Joe Boxer Thrillers – Quotable Joe

Amazon – iBooks – Kobo – Nook

New Name, Same Game

FIT@50 / Week 92: Ugly’s Last Stand

Got Ink? How Accurate Is This Pain Chart

Got Ink? How Accurate Is This Pain Chart

You Never Know What You’ll Step In

Moving 1 Million Books For 0.99 Cents


Hi Team,

I was invited to join this rowdy group of writers in combining our novels about the toughest heroes we’ve each ever written. While I write hard nose cops, my favorite hero/anti-hero is still the Savage Souls’ Justice Boudreaux.

This monster volume of bad boys includes 8 authors with 8 novels for 0.99 cents. Why? It’s simple. We all like each other, and wanted to work together while selling a ton of books.

Anthologies are always a great chance to discover new authors. Let’s face it, for less than a buck, you get my entire Savage Souls series (almost 400 pages), along with 7 other writers (all better than me!!!) before the holiday hassle.

No kidding – I want you to have this book, but be warned, some of these stories are NOT for the timid. I always like to warn folks up front because I’d rather lose a sale than a friend.

After you 1-CLICK it, let me know you ordered it in the comments so I can thank you. ALSO share this with your buds, they’ll love you.
Holly S Roberts Olivia Rigal Alexis Abbott Blair Babylong Author Theresa Hissong Meli Raine Author

Moving 1 Million Books For 0.99 Cents

FIT@50 / Week 81 – The Tie

FIT@50 / week 81

The Tie:
This is my first season of Texas high school football. I’ve not been to a high school football game since I last felt the sharp crack of my left tibia and fibula in 1982.
While much less painful than that October night, I’ve enjoyed becoming a drum-line booster for our 14 year old. I love sports. I don’t care if its pee-wee football or senior citizens Bache ball, I enjoy the skill but more importantly, the heart of the competitor. It’s why I will not watch the NFL or any other team endorsing a disregard for America’s principles over the purpose of turning a profit.
When high schoolers kneel during the National Anthem to protest social injustices, just what injustices are they protesting? Maybe they are protesting the fact that over half of children their age live at or below the poverty level, and instead of getting to stay after school to play a game, they leave for work.
Maybe they protest that while Nike, UnderArmor and Riddell adorn their prepubescent bodies, kids from families who cannot afford socks will drop out of school at a rate 7 times higher than those who kneel while our nation’s anthem is played. And I’ll end with the fact that less than 30% of students to busy working afterschool jobs to feed themselves and their families than to play a game on Friday night will enroll in college. Oh, and of those that do, less than 50% will graduate.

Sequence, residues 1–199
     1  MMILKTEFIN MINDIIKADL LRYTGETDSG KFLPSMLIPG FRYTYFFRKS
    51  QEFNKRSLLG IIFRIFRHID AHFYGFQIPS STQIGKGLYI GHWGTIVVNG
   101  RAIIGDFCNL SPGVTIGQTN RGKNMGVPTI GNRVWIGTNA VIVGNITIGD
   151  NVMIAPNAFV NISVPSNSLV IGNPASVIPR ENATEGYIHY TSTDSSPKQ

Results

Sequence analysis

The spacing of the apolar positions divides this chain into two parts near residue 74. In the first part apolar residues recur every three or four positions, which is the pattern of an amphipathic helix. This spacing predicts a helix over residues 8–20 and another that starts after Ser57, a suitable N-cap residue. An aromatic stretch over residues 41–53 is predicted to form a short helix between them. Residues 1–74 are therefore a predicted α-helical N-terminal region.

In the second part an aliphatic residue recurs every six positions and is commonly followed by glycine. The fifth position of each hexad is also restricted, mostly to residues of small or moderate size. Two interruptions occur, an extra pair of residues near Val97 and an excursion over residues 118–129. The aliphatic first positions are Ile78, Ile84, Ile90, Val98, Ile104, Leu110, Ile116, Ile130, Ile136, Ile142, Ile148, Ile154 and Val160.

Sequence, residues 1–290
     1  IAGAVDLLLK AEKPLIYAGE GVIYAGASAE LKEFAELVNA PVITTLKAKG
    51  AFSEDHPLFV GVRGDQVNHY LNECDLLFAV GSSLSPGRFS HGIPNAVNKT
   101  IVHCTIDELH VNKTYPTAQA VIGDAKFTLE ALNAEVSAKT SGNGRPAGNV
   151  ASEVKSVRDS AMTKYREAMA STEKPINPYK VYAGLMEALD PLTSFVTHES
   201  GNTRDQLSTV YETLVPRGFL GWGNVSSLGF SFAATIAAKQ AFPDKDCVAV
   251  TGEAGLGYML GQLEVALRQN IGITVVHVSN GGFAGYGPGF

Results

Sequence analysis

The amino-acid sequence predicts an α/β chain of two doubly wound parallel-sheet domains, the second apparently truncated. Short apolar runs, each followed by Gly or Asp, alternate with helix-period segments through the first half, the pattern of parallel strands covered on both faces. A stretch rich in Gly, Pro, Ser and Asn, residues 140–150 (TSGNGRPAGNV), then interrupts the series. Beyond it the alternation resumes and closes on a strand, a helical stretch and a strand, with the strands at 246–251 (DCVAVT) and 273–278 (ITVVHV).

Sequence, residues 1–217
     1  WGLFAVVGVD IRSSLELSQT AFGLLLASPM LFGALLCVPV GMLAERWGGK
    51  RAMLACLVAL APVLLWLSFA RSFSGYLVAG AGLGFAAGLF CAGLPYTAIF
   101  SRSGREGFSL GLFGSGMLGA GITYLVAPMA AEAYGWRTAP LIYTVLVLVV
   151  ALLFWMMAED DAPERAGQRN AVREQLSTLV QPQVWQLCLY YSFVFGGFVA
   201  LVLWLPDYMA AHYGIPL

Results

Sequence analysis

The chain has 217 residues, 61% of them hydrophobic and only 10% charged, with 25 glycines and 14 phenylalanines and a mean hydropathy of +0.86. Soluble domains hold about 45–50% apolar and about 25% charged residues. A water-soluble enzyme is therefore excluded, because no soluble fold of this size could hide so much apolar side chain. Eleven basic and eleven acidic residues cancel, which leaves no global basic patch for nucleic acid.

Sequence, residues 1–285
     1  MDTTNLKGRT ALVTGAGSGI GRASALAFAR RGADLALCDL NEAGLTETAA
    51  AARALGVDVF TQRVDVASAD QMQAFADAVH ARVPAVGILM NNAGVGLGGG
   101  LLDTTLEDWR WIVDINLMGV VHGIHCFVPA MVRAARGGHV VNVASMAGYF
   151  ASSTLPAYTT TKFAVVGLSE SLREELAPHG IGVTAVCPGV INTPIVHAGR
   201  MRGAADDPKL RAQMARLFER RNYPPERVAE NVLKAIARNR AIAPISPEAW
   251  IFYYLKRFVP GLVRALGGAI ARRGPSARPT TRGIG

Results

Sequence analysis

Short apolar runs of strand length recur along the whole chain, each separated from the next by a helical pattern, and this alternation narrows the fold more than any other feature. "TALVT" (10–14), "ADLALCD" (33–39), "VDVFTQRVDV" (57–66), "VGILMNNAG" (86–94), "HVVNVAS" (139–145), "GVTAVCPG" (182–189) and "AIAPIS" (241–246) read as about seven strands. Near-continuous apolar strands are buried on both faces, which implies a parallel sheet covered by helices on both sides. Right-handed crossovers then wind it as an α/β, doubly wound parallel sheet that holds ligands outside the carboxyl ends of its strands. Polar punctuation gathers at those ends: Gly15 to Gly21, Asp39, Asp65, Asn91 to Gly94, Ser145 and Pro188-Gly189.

Protesting an unspecified purpose is no protest at all—it’s imitation. I’ve yet to have the term “social injustice” operationalized. The only specific point of clarity is the name of a football team’s second string quarterback.
The ignominy of social imitation without fully understanding the implications is that only .04% of high school students who qualify will enlist in the military. Those 2 players out of a 54 person roster have already illustrated behavior non-conducive to military eligibility.
While I’m sure the back-up QB they pretend to understand appreciates the disregard for their yet undetermined futures, please accept that he’s fully enjoying the fruits of his one or two good seasons that netted him millions more than their relatives combined will have earned over multiple generations of living in a free nation.
So back to Texas high school football. Our 8 year old likes a girl from his class. A few weeks ago, I jokingly suggested he wear a tie to the game to impress her. He balked at the idea. Tonight, we pile in to drive to the stadium. It’s a chilly fall evening, so lil’ dude has his Harley Davidson jacket zipped up tight.
He flashes a smile and yanks down on the zipper. Yep, he’s got a tie clipped to his t-shirt. He seals up the surprise until they meet. Unfortunately, she didn’t show. Heartbroken, we return home and he sighs, “I wore this tie for nothing.”
I thought about it and understood it wasn’t for nothing. Although he didn’t like the look or idea of that checkered polyester tie over his school spirit t-shirt, he wore it for the right reason—respect for someone/something he cared about.
That’s much more than I can say for those children on their knees surrendering the honor of having the freedom to play games on Friday nights in the name of social injustices while 51% of their peers cannot afford the cost of a stadium ticket.
Do Good,
Chief Scott Silverii, Ph.D.